So we kept ignoring the issue as we tumbled towards our wedding date.

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I don’t have sex with my husband (pt.1)

There, I said it: I don’t have sex with my husband.

In the past three years, the number of times we’ve had sex could probably be counted on two hands…maybe even one.

My therapist says it probably came from a trauma, and while I have no great trauma to speak of, I can pinpoint it to a specific time when I was in a crisis of sorts – emotionally, physically, mentally.

I had just come back from a long trip overseas. I felt lost, wasn’t ready to be back, and I definitely wasn’t ready to move in with my husband (then-boyfriend). Sex was awkward; it was like we didn’t remember how to be together (it had been six months at that point). I was struggling creatively, stressed out and putting a lot of pressure on myself to succeed in a difficult career; I dropped that, too. And all around the same time, I had to go to the hospital with a weird thumb injury and (TMI) got a very uncomfortable yeast infection.

[A word on *too much information*: this blog will be filled with it. You’ve been warned.]

It didn’t happen all at once but eventually sex became uncomfortable. It wasn’t exactly painful, but the friction caused such a discomfort that it may as well have been. I felt awful. I really wanted to have sex with him but it hurt. It was only a matter of time before I wasn’t into it at all. Oral still happened a few times but eventually that, too, was nonexistent.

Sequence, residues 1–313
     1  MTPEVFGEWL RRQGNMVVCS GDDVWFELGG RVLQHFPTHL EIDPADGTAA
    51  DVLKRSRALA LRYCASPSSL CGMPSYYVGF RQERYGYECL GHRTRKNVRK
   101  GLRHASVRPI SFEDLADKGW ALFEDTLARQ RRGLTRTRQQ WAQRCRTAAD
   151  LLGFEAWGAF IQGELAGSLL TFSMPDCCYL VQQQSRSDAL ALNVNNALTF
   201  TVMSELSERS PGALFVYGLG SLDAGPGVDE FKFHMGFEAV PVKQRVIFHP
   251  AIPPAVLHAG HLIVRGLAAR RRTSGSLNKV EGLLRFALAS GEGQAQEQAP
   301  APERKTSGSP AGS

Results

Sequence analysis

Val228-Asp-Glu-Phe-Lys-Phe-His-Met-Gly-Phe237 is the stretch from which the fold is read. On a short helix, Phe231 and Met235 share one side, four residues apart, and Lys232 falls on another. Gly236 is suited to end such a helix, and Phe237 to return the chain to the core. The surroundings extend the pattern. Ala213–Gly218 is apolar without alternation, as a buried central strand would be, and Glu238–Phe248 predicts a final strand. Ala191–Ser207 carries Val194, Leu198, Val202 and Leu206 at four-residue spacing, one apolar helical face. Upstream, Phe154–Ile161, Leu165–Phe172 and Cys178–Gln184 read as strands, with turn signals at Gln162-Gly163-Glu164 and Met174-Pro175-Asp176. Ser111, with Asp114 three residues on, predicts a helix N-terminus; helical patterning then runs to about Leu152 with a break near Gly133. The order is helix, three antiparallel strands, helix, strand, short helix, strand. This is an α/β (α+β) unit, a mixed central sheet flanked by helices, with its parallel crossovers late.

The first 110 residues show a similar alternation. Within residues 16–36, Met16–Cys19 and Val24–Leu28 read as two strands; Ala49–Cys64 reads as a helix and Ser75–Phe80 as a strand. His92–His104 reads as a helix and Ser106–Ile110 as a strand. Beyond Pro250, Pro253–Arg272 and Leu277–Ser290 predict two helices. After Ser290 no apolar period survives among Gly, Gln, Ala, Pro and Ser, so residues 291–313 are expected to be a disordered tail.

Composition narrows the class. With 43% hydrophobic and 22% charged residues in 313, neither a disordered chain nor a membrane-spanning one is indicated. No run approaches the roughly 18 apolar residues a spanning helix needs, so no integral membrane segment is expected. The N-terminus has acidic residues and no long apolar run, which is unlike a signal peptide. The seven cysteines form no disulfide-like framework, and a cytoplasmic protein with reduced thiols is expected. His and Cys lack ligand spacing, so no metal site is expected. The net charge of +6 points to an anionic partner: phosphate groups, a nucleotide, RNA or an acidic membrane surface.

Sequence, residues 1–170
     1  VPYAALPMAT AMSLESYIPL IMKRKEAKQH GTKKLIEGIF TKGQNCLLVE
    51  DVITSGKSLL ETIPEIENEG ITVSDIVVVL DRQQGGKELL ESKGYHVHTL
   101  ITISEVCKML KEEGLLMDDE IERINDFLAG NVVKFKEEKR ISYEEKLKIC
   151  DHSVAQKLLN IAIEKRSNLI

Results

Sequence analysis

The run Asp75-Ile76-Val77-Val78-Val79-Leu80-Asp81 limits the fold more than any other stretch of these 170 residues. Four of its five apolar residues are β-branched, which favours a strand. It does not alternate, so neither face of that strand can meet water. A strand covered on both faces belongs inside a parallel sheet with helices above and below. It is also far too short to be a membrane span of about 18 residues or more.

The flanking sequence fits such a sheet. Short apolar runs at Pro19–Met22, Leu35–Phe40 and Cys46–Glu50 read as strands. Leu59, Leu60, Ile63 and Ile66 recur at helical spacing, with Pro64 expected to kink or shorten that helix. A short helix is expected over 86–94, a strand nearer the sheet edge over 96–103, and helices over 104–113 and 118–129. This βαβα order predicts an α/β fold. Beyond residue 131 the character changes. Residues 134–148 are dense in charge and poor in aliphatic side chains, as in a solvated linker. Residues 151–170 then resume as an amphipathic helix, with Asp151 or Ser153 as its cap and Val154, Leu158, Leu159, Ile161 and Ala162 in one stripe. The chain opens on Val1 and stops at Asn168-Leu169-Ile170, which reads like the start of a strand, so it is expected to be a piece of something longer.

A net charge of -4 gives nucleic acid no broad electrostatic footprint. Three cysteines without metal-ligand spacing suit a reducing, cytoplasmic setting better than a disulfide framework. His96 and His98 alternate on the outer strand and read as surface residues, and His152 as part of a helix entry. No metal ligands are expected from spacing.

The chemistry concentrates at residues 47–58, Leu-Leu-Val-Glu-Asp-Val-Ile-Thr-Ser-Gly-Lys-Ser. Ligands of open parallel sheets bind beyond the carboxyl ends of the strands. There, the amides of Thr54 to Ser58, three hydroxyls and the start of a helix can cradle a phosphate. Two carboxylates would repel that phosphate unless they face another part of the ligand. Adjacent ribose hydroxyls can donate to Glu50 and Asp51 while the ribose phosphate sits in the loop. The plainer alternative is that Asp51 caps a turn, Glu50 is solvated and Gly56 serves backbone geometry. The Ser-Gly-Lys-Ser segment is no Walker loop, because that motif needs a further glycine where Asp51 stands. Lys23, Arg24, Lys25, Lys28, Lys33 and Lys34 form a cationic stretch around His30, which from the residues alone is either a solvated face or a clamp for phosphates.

I started dreading bedtime. I avoided talking about sex, avoided closeness. I felt like a fraud: sex was so good and ample in the beginning, I felt like I had lured him in and then turned off the tap.

I gave him multiple outs – if he wanted to break up, sleep with other women, we could do that. (He didn’t). I hated that I couldn’t show him love in all the ways I wanted. I hated that he felt unloved because of it.

I tried to convince myself it was all in my head. I wanted to believe it was just a habit I had gotten out of, and if I just did it, I’d get ‘used to it’ again. But I could never quite talk myself into it. The times I did, I cried, it was so uncomfortable.

But the truth was, I didn’t even want sex anymore. And I blamed him: his hair, his hobbies, his weight. But I knew those were all excuses: they were never a problem before.

We didn’t fight about it constantly – actually, we rarely talked about it at all – but it was always the elephant in the room, silently underpinning most other issues, until we finally almost broke up. (We didn’t).

We agreed to a fresh start, and got engaged a few months later; nonetheless, the issue remained. I once more gave him an out – we could still call things off – but everything else was perfect…except…this.

It was confusing. He said didn’t need the sex, he just wanted the closeness. But I knew the closeness would inevitably lead to the topic of sex and everything that came with it, so I avoided it all.

He felt rejected, embarrassed. I felt guilty and ashamed. I didn’t want to be in a sexless marriage, and yet here I was, the architect of it.

I turned off that part of myself. I didn’t need sex. I didn’t care for it. The times I did get aroused, I willingly took care of it myself. I didn’t want him to touch me – it had been so long that any touch of his was foreign, uncomfortable.

And I hated that I felt that way. I wanted to want him. I wanted so badly to want to have sex with my husband. I would’ve done anything to just take a pill and make the discomfort STOP. I was sure that if the pain just went away, I could then at least reasonably consider  going through the motions.

Going through the motions would’ve been a welcome improvement. That’s what my sex life had become.

[Continued in next post…]